Journal of Forensic Science & Criminology

ISSN: 2348-9804

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The Infanticide: Some Forensic and Ethical Issues

Received Date: June 27, 2013 Accepted Date: July 29, 2013 Published Date: August 01, 2013

Copyright: © 2013 Argo A. This is an open-access article distributed under the terms of the Creative Commons Attribution License, which permits unrestricted use, distribution, and reproduction in any medium, provided the original author and source are credited.

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Forensic investigation and clinical treatment of infanticide mother is an occasion to reflect about the social stigma associated with this crime. The forensic-psychiatric assessment must be anchored on an authentic and meaningful clinical relationship to criminal mother, without misinterpretation and countertransferal dynamics, such as emotional reactions of mistrust and stigmatization of the offender. These prevent the evaluator from making a correct psychological and psychopathological diagnosis. There is evidence that diachronic, multidisciplinary diagnostic evaluation may lead to strategies for treatment and rehabilitation. These measures, which can allow the patient to regain his dignity, his working capacities and social role, and ensure that the penalty is rehabilitative and not only retributive.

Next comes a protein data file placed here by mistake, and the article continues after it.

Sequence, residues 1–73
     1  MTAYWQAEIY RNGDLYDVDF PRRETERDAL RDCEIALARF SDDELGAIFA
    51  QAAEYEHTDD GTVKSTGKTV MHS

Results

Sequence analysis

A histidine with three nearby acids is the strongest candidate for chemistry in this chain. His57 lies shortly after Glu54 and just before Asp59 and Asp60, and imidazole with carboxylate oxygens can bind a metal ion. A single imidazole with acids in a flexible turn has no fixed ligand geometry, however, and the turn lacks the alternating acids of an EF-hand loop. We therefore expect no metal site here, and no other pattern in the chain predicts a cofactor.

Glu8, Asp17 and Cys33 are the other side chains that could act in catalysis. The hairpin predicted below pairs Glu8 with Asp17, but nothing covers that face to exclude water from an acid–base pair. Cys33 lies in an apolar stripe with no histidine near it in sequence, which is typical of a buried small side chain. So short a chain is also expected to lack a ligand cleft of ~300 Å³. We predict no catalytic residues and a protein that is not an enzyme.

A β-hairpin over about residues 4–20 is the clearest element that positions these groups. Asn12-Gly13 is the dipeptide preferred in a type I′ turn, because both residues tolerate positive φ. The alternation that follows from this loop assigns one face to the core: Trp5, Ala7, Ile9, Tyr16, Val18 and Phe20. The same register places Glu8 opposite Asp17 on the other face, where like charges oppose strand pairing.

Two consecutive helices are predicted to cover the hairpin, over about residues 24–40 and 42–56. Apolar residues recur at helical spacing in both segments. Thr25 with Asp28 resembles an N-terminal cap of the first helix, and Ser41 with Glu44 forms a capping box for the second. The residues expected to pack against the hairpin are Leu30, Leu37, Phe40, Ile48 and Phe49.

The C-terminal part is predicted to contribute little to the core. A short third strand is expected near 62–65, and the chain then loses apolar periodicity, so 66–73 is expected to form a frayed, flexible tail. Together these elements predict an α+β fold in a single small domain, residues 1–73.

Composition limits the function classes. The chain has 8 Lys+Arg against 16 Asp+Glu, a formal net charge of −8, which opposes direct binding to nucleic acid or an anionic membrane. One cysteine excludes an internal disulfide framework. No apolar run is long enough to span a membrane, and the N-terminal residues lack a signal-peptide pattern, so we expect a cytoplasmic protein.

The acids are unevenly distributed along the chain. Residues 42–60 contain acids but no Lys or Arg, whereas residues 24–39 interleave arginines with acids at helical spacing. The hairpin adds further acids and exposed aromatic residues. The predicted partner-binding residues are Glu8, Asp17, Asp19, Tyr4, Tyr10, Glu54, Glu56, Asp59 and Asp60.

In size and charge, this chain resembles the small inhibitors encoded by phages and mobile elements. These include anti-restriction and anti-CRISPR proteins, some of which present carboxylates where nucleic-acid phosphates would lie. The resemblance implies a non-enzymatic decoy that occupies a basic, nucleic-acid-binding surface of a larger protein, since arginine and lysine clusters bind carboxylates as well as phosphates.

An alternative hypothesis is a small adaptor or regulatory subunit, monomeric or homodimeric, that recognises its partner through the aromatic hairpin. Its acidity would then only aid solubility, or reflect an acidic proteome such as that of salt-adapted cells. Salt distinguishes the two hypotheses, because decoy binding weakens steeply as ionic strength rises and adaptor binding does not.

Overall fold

Keywords: Infanticide; Psychodiagnosis; Rehabilitation; Stigmatization


Infanticide is a crime resulting in social stigma and alarm. Accordingly to the penal rules of most countries, perpetrators of this crime may be only the mother who kills her newborn son while it is being born. Psychological element of this offense requires a general intent in the conscience and will of the mother to suppress her newborn infant or fetus, in a state of moral and material abandonment. The offense may be either that of commission or omission, coupled with the element of concealment. With regard to the mode of killing, analysis of the Italian data (2000-2005) shows a prevalence of murders with asphyxiated mechanisms (19% drowning, suffocation and strangulation 18%, 10%), by defenestration (15%), with wound gunshot and cutting tip (15%) and, less frequently, with a firearm (4%). The murder site is mainly at home (85%), and in particular bathroom (64%) and bedroom (20%) [1]. Studies defined a number of types of situations and reasons for maternal filicide. The first extensive report about the parents filicide was drafted in 1969 by Resnick [2], who examined 131 cases reported in the world literature between 1951 and 1967.

The five prevailing psychological patterns of filicide are:

- The altruistic (also known as murder pietatis cause or compassionate) [3] often characterized by Beck's syndrome, consisting of a pessimistic view of self, the world, their own future and his son [1];
- The high-psychotic, where the crime is conducted under the pressure of imperative hallucinations; - Killing in which the mother is faced with unwanted parenthood, the result of an extramarital affair or mother 's inability to face severe pain, abandonment, violence;
-The revenge on her father, better known as Medea complex [4];
- Accidental death [5] is, however, one of the most dramatic events of the abused child syndrome or Battered Child Syndrome, in which the mother causes the death of his son during an impulsive act initiated by the crying or screaming of the child.

Numerous other studies on infanticide mothers have been published since Resnick offered classifications based on motivation, clinical situations, and the origin of the impulse to kill [6-8].